I had another happy day in the gym today! I tried this blue climb multiple times and came very close to completing it in this video but slipped off on the top hold. Had to attempt this another time before completing it!
Climate change means that some species of animals, even iconic ones like the polar bear, are going to become extinct. It also means that certain plant species are going to disappear. This is because the change in climate makes their habitats unable able to support them and unlike humans, they can’t just hop on a plane and fly somewhere that is more suitable for them.
Climate change means that poorer populations around the world, especially ones who live a long the coast, will lose their homes due to rising sea levels or suffer from the effects of extreme weather.
Climate change means that the world is going to become an increasingly unstable and unpredictable place for everyone. As climates change and food and water sources become affected, people may start fighting over the places that have these resources. I don’t know whether this will actually materialise, but more immediately, I think prices for basic resources will go up.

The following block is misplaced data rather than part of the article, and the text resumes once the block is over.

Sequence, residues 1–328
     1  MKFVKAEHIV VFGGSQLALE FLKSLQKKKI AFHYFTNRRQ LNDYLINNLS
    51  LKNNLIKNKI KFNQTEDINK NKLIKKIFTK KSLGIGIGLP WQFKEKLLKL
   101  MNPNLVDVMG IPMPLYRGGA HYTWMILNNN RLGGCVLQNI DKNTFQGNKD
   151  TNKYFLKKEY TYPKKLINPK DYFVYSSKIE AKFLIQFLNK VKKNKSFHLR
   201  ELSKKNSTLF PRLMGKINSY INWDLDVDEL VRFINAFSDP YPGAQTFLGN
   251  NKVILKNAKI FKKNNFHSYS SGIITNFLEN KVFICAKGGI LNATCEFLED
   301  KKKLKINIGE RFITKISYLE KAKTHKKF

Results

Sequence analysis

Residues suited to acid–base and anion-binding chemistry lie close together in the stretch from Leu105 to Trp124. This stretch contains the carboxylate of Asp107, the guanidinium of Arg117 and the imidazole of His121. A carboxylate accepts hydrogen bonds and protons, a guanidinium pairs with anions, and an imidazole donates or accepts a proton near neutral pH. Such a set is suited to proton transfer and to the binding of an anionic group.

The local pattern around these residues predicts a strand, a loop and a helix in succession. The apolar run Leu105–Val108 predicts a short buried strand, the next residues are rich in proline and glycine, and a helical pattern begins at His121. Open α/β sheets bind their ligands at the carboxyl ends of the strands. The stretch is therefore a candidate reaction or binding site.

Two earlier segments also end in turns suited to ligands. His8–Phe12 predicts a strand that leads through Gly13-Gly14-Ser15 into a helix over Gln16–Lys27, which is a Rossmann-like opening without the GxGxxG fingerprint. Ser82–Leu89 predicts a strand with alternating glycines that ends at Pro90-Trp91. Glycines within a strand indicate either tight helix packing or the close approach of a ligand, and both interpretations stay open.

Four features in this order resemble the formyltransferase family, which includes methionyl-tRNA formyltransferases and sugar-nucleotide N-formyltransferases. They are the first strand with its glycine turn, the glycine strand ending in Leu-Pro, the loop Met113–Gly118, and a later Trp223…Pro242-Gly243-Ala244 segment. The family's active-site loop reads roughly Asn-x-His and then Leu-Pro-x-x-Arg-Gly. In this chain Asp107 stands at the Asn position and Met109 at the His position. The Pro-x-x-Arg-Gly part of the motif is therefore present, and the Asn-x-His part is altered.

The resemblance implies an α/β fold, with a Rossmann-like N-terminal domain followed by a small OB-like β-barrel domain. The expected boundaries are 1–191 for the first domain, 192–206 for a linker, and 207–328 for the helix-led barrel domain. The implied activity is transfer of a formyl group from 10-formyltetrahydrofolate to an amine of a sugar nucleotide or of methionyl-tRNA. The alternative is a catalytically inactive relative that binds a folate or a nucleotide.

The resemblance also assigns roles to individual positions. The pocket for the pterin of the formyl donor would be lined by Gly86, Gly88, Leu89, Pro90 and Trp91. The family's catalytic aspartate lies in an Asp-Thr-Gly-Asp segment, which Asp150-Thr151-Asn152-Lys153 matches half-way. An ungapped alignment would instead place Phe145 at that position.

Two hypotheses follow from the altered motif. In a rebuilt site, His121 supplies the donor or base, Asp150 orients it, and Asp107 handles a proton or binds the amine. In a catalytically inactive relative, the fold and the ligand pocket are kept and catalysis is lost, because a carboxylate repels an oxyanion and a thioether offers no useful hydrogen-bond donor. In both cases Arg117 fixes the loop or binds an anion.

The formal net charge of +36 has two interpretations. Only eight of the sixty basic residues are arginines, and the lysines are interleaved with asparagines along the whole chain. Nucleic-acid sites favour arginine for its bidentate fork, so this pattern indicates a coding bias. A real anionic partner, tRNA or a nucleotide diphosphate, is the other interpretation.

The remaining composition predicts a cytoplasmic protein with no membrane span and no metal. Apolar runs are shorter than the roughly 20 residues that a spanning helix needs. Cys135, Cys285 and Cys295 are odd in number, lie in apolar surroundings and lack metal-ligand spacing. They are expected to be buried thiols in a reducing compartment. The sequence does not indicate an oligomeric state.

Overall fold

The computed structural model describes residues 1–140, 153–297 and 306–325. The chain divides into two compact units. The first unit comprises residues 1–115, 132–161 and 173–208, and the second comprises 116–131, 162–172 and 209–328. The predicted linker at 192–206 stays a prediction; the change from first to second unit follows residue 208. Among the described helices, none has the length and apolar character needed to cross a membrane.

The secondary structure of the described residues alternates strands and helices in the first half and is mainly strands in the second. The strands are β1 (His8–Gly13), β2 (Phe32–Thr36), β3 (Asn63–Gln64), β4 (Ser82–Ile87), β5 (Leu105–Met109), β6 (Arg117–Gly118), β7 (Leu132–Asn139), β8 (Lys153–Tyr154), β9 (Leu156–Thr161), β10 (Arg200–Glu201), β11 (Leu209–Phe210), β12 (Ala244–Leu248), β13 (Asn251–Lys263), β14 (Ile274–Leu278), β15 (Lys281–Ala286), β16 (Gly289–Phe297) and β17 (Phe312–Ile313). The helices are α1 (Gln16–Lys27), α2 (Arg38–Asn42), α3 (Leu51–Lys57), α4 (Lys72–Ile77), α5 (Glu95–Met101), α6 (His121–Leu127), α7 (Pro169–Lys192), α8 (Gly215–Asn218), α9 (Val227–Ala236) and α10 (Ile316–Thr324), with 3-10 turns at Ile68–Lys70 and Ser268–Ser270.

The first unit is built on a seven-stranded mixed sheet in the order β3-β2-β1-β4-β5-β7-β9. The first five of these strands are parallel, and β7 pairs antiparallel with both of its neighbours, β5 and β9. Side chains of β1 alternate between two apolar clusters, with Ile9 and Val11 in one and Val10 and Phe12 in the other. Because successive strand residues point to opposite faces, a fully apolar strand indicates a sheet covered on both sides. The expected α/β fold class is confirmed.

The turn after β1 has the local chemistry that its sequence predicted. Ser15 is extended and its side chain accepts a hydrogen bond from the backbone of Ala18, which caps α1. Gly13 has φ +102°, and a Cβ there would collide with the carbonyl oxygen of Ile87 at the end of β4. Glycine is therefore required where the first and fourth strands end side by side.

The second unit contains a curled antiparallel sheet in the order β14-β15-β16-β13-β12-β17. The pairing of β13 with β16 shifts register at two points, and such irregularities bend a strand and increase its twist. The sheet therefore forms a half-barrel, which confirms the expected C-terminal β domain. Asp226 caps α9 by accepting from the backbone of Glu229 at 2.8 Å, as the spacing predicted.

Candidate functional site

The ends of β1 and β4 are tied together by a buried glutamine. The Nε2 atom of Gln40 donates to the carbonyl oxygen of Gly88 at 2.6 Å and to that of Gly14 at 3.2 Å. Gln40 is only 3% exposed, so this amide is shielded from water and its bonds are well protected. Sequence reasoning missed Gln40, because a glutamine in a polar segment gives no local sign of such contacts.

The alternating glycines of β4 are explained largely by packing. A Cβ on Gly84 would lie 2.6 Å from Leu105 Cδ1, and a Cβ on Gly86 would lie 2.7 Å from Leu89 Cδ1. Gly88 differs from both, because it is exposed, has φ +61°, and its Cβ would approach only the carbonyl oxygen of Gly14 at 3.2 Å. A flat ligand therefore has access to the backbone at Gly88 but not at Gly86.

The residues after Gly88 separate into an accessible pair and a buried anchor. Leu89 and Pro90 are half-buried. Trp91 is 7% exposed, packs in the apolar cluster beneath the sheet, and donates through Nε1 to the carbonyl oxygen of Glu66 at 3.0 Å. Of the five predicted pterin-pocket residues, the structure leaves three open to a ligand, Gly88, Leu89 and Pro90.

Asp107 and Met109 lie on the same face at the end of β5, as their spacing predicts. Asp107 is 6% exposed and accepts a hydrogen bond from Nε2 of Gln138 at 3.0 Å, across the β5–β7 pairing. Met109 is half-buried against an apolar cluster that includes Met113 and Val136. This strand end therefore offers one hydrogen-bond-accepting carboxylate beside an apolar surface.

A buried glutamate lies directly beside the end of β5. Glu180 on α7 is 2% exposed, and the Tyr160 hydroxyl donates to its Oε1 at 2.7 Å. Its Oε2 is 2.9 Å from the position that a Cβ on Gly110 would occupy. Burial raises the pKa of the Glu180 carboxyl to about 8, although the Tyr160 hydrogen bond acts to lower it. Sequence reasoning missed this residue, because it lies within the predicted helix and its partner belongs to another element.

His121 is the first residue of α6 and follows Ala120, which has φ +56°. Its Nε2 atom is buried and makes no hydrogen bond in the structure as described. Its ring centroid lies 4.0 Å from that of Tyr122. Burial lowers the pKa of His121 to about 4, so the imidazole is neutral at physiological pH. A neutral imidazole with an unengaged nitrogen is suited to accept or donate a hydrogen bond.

Climate change means that future generations will inherit an earth that is not as beautiful or hospitable as the one I grew up in or have had the fortune of experiencing.
The heavy rained washed some of the soil off the roots of my bitter gourd plants so I topped up the planter. The eggplants growing at the bottom look quite happy but actually their growth is quite stunted because they don’t get much light. Am not sure why, but the stems of the bitter gourd vines are quite thin and weak looking.
My Kang Kong and other eggplants have a white fly problem. I’ve sprayed it with Neem oil so fingers crossed this will soon be a problem of the past.
Here are my new ladies finger plants looking beautifully happy!
The Indian borage got replanted next to the withering basil. I’m hoping it’s pungent leaves will keep the aphids away.
The watercress has also been replanted. It was growing in water and the leaves were beginning to grow out unusually small. Let’s see if the soil makes a difference.
I’ve also replanted the gotu kola cos it wasn’t looking too happy in its pot.
This was close to the end of my sess so I could barely think while completing this climb. You can hear my climbing buddy shouting instructions. This was the first sess I’ve attempted blue routes AND managed to complete a couple! Very proud of myself!